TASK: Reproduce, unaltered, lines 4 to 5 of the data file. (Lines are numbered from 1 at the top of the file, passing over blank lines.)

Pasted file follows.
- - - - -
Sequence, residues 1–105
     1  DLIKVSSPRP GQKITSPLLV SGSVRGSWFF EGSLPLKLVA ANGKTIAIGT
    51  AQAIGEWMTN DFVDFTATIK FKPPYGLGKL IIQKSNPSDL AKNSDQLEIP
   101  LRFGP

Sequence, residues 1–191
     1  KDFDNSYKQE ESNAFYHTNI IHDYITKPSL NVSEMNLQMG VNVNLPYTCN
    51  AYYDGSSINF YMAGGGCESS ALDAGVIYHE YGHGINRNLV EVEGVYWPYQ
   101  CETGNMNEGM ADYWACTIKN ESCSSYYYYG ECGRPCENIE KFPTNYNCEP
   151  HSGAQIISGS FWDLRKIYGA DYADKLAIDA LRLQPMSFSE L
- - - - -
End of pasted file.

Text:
   101  LRFGP

Sequence, residues 1–191